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Let's Check the Markets!
Today's First Look:
mornings with cash and futures reviewed- includes where the Cash Cattle market stands, the latest Feeder Cattle Markets Etc.
Each afternoon we are posting a recap of that day's markets as analyzed by Justin Lewis of KIS futures
- click or tap here
for the report posted yesterday afternoon around 3:30 PM.
Okla Cash Grain:
Feeder Cattle Recap:
Slaughter Cattle Recap:
TCFA Feedlot Recap:
Our Oklahoma Farm Report Team!!!!
Ron Hays, Senior Farm Director and Editor
Carson Horn, Associate Farm Director and Editor
Pam Arterburn, Calendar and Template Manager
Dave Lanning, Markets and Production
|Oklahoma's Latest Farm and Ranch News
Your Update from Ron Hays of RON
Monday, June 5, 2017
As part of a continuing series of stories on Significant Women in Oklahoma Agriculture, the Oklahoma Department of Agriculture, Food & Forestry and Oklahoma State University are recognizing and honoring the impact of countless women across all 77 counties of the state, from all aspects and areas of the agricultural industry. The honorees were nominated by their peers and selected by a committee of 14 industry professionals. Karen Eifert Jones of Waukomis, Okla. is featured as the latest Significant Woman in Oklahoma Agriculture- here's a part of the profile on Jones as written by Bryan Painter of ODAFF:
"Two years gave way to more than two decades.
"After graduating from Oklahoma State University, Karen Eifert Jones intended to go off and work for a couple of years and then return to the land of her raising, just off U.S. Highway 81 near Waukomis in Garfield County.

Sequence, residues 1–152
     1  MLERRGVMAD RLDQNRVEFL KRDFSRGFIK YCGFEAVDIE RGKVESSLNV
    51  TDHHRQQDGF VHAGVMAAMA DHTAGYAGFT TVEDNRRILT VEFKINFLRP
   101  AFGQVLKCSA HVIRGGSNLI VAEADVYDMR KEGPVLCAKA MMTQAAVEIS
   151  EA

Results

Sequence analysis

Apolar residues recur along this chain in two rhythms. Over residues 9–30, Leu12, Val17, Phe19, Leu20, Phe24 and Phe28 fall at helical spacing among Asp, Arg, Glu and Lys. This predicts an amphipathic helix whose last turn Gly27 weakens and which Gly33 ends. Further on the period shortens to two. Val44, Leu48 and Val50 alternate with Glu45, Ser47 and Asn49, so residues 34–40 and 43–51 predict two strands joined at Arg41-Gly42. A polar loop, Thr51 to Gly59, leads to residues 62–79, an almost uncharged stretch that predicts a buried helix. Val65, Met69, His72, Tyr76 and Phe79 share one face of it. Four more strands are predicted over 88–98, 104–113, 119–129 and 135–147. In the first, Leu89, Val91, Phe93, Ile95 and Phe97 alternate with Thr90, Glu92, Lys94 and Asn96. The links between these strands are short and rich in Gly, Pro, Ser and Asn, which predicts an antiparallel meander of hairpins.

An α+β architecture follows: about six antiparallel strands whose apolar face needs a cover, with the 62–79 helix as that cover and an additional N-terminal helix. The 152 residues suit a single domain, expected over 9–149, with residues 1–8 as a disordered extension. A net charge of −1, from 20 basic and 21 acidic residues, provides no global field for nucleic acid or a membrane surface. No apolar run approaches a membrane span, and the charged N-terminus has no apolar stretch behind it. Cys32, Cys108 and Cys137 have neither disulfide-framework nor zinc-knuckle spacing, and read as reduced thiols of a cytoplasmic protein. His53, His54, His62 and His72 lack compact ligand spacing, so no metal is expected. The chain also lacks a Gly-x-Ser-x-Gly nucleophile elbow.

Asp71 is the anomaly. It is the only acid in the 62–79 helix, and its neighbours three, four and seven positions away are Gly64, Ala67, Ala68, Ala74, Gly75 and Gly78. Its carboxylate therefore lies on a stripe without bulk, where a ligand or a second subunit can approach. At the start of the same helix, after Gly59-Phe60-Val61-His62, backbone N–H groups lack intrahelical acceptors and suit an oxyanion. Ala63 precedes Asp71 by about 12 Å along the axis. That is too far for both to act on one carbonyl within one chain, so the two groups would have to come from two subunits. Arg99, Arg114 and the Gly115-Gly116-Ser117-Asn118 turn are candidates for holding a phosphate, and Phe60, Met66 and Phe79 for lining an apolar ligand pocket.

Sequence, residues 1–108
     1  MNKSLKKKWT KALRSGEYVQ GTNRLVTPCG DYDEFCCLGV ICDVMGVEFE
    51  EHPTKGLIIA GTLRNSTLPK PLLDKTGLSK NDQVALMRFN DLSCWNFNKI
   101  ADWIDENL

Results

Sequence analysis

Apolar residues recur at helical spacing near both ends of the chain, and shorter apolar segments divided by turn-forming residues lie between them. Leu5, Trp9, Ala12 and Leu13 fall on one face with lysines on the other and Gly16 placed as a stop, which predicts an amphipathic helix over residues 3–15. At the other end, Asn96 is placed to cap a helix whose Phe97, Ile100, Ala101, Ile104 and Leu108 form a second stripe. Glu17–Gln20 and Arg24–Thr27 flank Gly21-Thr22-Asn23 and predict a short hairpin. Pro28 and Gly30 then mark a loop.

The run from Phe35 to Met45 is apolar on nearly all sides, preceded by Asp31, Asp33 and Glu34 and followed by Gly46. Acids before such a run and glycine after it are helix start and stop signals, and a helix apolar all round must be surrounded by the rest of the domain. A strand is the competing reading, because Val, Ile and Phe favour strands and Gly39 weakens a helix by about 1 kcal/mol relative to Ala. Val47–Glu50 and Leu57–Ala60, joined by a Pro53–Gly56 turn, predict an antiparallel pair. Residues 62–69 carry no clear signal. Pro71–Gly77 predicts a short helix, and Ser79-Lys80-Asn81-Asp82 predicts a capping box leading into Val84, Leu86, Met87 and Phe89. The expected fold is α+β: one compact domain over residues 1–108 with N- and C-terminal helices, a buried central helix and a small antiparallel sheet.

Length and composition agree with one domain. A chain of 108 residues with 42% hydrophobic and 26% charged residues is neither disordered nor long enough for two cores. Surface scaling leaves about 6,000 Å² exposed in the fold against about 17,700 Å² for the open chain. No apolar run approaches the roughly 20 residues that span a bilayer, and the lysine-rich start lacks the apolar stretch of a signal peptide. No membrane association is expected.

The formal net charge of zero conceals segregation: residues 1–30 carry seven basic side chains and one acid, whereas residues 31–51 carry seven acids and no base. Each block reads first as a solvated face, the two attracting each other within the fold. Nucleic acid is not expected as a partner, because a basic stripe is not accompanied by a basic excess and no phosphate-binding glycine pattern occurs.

"Instead, Jones spent more than 20 years away from home working in the agriculture industry in ag finance, ag chemical sales, government programs and farm management.
"However, two decades isn't all that long when you consider her ties to the reddish silt loam soil where she was raised go back more than 125 years to her great-grandfathers. That connection was powerful enough, that Jones did return in 2008 and many days can be found covered from brow to jeans in that dirt she loves so much.
"One recent honor goes a long way in describing Karen Eifert Jones. This year, she was a recipient of Oklahoma State University's "Master Agronomist" award. Recipients of this award, initiated in 1947, have participated in agronomic education efforts and have contributed valuable public service because of their unique efforts in the fields of soil conservation, range management, or crop production.
"Both on and off the farm, Jones has remained a faithful friend to agriculture throughout her life.